We all think what we have is great – better than cold beer (or lemonade) on a hot summer day. But that’s not what matters. What matters is what others think including banks, buyers, appraisers, etc.

“Strive not to be a success but to be of value.” Albert Einstein

The Business Roundtable Creates a Snit Attack

The Wall Street Journal (and I’m sure others) sure had a snit attack last week after the Business Roundtable came out with their latest report saying companies shouldn’t emphasize shareholder return over taking care of employees, customers, suppliers, and community. 

Taking care of people sounds like a good subject for Labor Day week. And what the Roundtable is suggesting sure sounds like the Costco model. Fair prices, good jobs at a fair wage with benefits, very community focused, and while I can’t comment directly on suppliers, I do have a friend who sells to Costco and loves doing business with them.

The above is also what my clients strive for. A client looking at a business to buy didn’t see an expense for benefits. He commented on how he’ll have to add in that cost (versus the common adding back of expenses) because he wasn’t going to be an owner not providing benefits.

I looked at a company recently whose owner seemed to be bragging about how little he could pay his employees. He didn’t connect that with the fact he had high absenteeism and constant turnover. 

With an extremely high employment rate it pays to take care of your people, especially in our robust economy.

As an economics major, I well remember Milton Friedman, who’s the person who stated a corporation’s primary obligation is to the shareholders (and which the Roundtable is now disagreeing with). I think he was wrong then and it’s a wrong philosophy now. Take care of your people (including customers and suppliers) and they’ll take care of you.

“Success is a great deodorant. It takes away all your past smells.” Elizabeth Taylor

Financial Shenanigans Versus Incompetence

The Wall Street Journal and others recently reported about an accounting expert who had predicted the Madoff Ponzi scheme and recently went after GE for what he said are their deceptive accounting practices (of course, GE responded this person didn’t know what he was talking about). But this is not about GE but rather about accounting irregularities in general.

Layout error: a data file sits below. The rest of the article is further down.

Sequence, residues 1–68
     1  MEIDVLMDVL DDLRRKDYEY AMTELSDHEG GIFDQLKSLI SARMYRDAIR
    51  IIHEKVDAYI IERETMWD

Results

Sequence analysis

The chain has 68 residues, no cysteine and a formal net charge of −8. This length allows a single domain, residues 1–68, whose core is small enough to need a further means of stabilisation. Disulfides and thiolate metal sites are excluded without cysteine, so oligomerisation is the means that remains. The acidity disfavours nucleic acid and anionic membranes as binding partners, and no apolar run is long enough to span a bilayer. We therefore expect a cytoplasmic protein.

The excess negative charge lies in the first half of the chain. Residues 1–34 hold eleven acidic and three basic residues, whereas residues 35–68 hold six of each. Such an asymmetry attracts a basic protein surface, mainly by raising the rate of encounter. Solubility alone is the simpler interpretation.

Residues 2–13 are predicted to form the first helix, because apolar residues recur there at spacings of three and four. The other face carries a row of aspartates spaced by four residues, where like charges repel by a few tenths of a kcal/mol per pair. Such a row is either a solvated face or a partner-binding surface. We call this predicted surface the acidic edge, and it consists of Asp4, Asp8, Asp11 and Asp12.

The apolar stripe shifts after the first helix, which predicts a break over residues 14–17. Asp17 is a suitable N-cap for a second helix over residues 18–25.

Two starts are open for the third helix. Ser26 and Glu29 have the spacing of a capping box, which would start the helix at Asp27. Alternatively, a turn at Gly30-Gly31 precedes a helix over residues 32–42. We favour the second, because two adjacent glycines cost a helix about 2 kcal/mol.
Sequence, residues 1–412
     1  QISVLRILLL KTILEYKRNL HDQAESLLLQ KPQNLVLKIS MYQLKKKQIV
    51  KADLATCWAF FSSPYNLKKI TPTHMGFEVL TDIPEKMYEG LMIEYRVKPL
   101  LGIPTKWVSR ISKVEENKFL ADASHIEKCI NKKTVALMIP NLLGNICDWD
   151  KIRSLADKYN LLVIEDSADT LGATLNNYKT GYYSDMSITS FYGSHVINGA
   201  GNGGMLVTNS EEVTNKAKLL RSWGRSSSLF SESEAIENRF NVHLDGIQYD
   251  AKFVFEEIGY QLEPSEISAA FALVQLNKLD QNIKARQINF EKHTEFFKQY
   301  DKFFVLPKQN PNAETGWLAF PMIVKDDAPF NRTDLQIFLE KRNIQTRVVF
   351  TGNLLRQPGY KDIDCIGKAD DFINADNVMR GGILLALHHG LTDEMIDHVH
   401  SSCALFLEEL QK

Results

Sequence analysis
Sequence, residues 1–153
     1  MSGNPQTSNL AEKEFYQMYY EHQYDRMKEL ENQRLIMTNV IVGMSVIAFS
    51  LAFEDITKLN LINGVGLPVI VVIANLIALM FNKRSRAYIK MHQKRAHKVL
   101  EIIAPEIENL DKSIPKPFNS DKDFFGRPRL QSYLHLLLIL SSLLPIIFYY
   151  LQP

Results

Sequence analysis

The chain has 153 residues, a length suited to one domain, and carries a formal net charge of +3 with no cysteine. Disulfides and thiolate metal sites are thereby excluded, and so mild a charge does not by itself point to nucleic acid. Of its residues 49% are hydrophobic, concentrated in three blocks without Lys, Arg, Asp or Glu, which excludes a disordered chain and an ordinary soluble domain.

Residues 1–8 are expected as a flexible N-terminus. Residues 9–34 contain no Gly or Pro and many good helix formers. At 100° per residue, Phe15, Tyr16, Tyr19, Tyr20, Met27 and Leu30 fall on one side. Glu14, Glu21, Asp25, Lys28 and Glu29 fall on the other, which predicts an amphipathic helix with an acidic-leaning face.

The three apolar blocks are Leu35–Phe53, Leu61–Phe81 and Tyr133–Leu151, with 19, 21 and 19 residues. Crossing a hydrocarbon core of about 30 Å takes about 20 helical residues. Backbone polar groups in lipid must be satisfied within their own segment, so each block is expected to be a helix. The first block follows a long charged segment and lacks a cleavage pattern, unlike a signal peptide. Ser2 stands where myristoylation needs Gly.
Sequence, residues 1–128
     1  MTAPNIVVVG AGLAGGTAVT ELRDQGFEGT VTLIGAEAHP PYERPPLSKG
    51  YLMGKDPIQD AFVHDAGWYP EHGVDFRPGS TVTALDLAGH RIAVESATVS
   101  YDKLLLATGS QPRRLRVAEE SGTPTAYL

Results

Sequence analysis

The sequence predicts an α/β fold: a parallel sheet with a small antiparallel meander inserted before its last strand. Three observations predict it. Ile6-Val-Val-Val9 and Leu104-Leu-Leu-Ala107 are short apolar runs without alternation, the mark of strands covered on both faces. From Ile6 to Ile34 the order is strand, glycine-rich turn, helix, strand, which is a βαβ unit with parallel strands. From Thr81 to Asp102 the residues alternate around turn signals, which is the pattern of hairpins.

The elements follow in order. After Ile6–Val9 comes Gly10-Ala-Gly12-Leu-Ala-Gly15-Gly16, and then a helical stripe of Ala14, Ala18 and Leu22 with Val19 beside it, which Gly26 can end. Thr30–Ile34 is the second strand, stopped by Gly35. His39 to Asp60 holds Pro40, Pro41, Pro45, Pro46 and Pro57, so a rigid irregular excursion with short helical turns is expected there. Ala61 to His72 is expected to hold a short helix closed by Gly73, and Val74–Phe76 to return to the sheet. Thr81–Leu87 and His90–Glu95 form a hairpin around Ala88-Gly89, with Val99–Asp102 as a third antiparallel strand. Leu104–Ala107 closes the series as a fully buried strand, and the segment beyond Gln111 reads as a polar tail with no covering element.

We have a government with annual deficits of $1 trillion and with a lot more “off the books” because there are non-budget items. On August 26, 2019 the WSJ had an article about how CEO pay is often much higher than disclosed (due to stock appreciation and clauses that escalate compensation).

And then we get to my world of small business where it’s usually not malicious but is accounting incompetence. Too many owners think their accounting department is like Cinderella – the weak little stepsister who must be tolerated at as little cost as possible. Sometimes it’s because they’d sooner “play” with their product than worry about the numbers and often it’s because they’re doing so well it becomes “management by checkbook,” as in, there’s plenty of money so who cares about cash flow, metrics, etc.

I’m working on a potential deal where the owner (and his advisors) setup five companies, two operating, one management, one for real estate, and one for equipment. They are so intertwined it will take a good CFO or forensic accountant to figure out exactly what their earnings are. And, it’s management by checkbook when the owner says, “we bought too much equipment and too many vehicles last year, so we’ll have to sell some.”

Tip to owners – one of the top three things you can do is have solid financial systems, accurate statements, good management reports, know your KPIs, and other metrics. It makes your life easier, especially as it seems we’ll have an economic correction soon, and when it’s time to sell, increases your value and attracts better buyers.

“The simple truth is that truth is hard to come by, and that once fount it may easily be lost again.” Karl Popper

What Is the American Dream? Part Two

Last month I gave my insights regarding a ProPublica article about how people over 50 won’t be the decision maker when they leave their job.  (Update, IBM is in the midst of a lawsuit for firing up to 100,000 people, targeting older workers. And there seems to be damaging testimony supporting the lawsuit’s premise.) A past American Dreams was to get a job at a large company, work there for 40-45 years, and retire with a gold watch and a pension. But no more, for most people.

I may be dating myself, but I remember in one college class a discussion about how another American Dream was to start a business and sell it to Sears. In those days, Sears was dominant and bought a lot of small businesses. However, a lot of those acquisitions were after Sears became the firm’s top (by far) customer and had the supplier “over the barrel.”

So, what is the American Dream these days? Actually, it should be “dreams” not “dream” as there are many versions. In early 2019 the New York Times had an opinion piece titled, “The American Dream is Alive and Well” with the sub-title of, “Most people in this country say that they are living it – but what they mean by the phrase might surprise you.”

The opening is, “I am pleased to report that the American Dream is alive and well for an overwhelming majority of Americans.” Here’s some interesting statistics:

  • Only 16% said to achieve the American Dream you have to be wealthy.
  • Only 45% said it means having a better quality of life than your parents.